To ask the Secretary of State for Health how much has been spent on information campaigns about meningitis in each of the last three years; and what plans his Department has for future campaigns.
Health education campaigns are conducted on behalf of the Government by the Health Education Authority which is funded by the Department. During the coming year, as part of its promotion of immunisation, the HEA will provide information on the new vaccine to be introduced against haemophilus influenzae b, a major cause of bacterial meningitis in young children; it is not possible to break-down this expenditure. In addition the Department makes an annual grant of £15,000 per annum to the National Meningitis Trust to help fund its information campaigns for both members of the public and professionals, and the HEA has assisted the trust with production of an information pack for GPs.
To ask the Secretary of State for Health what governmental initiatives have been taken in the last five years as to research into meningitis; what financial assistance has been given, and to which bodies, to organisations involved either in research into the disease or support to families affected; and whether such assistance is able to be separately identified as to amounts spent on research, administration and salaries of those working for organisations receiving Government support.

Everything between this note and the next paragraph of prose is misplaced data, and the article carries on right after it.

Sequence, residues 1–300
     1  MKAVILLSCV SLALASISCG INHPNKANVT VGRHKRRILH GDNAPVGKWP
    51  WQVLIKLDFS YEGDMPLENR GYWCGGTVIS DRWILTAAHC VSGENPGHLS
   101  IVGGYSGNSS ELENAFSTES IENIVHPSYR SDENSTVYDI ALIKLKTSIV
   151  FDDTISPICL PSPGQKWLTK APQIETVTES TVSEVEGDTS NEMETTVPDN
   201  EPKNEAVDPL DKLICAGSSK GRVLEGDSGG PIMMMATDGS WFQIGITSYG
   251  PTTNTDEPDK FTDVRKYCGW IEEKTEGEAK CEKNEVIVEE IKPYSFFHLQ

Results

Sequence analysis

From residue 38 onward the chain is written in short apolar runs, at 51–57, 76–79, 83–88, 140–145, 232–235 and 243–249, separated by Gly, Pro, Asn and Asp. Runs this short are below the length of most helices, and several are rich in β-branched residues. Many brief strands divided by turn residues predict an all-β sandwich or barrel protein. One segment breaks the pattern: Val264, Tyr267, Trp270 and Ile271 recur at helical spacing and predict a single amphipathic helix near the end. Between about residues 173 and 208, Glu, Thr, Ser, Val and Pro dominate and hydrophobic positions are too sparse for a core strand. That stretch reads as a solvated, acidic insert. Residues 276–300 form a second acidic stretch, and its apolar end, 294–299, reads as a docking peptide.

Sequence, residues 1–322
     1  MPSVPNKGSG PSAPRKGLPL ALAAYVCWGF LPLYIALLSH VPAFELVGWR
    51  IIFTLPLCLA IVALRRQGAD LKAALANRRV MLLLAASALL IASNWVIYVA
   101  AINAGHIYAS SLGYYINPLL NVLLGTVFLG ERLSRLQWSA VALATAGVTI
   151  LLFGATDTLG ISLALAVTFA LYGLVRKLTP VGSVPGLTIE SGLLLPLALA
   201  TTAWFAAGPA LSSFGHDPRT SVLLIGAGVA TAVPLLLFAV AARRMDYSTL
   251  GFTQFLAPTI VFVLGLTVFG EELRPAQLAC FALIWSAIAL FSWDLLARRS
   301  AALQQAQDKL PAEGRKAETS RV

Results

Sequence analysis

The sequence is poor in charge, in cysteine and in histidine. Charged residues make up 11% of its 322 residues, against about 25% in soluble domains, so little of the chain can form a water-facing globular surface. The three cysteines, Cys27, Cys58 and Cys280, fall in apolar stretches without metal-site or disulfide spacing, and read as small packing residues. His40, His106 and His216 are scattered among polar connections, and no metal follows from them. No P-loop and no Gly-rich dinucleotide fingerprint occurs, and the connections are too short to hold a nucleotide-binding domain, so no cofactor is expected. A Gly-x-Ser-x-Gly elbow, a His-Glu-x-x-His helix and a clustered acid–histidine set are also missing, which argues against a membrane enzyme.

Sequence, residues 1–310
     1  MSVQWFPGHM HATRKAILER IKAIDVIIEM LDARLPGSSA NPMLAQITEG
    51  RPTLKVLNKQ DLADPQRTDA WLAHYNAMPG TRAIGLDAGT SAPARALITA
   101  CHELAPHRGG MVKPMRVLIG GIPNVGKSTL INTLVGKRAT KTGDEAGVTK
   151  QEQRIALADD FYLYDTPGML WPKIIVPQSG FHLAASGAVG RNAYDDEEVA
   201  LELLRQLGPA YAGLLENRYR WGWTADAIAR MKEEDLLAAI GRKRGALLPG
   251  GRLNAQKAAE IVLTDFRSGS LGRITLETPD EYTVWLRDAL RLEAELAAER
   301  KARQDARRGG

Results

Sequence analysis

The main agency through which the Government support biomedical and clinical research is the Medical Research Council which receives its grant-in-aid from the Department of Education and Science. Figures for the last five years for MRC research into meningitis are as follows:
Direct support (through MRC's own Units):
Clinical Research Centre, Division of Communicable Diseases, Harrow, Middlesex.
Pathogenesis and immunobiology of meningococcal infection.
MRC Laboratories, The Gambia, West Africa.
Serological studies with Haemophilus Influenzae Type B polysaccharide/protein conjugate vaccines.
Indirect support (through grants to University departments):
Professor E. R. Moxon, Department of Paediatrics, University of Oxford.
Molecular basis of Haemophilus Influenzae pathogenicity.
Dr. G. J. Boulnois, Department of Microbiology, University of Leicester.
Genetic engineering of Polysaccharides.
Professor T. H. Pennington, Department of Bacteriology, University of Aberdeen.
Studies on the population genetics and typing of Neisseria Meningitidis.
Dr. J. E. Heckels, Department of Microbiology, University of Southampton.
Immunobiology of meningococcal outer membrane proteins.
Dr. D. M. Jones, Manchester Public Health Laboratory,
Public Health Laboratory Service Board, London.
To investigate Neisseria Meningitidis surface antigens for induction of protective antibody after disease/ carriage.
Dr. J. J. McFadden, Department of Microbiology, University of Surrey, Guildford.
DNA probes to study epidemiology and virulence of Neisseria Meningitidis infections.
Dr. B. G. Spratt, School of Biological Sciences, University of Sussex, Brighton.
Molecular basis and molecular epidemiology of the emergence of penicillin resistance in Neisseria Meningitidis.
Dr. Rosalyn A. Davies, Department of Neuro-otology, Institute of Neurology, London.
The use of brain-stem acoustically evoked responses to predict permanent hearing loss following bacterial meningitis.
Dr. A. Robinson, Bacterial Antigens Group, Centre for Applied Microbiology and Research, Porton.
A preliminary investigation into the mechanisms of meningococcal meningitis.
In the last five years the Department of Health has commissioned the following meningitis related research projects:
It is not possible to break down this expenditure into amounts spent on research, administration and salaries. Money given to the National Meningitis Trust is not intended for research purposes.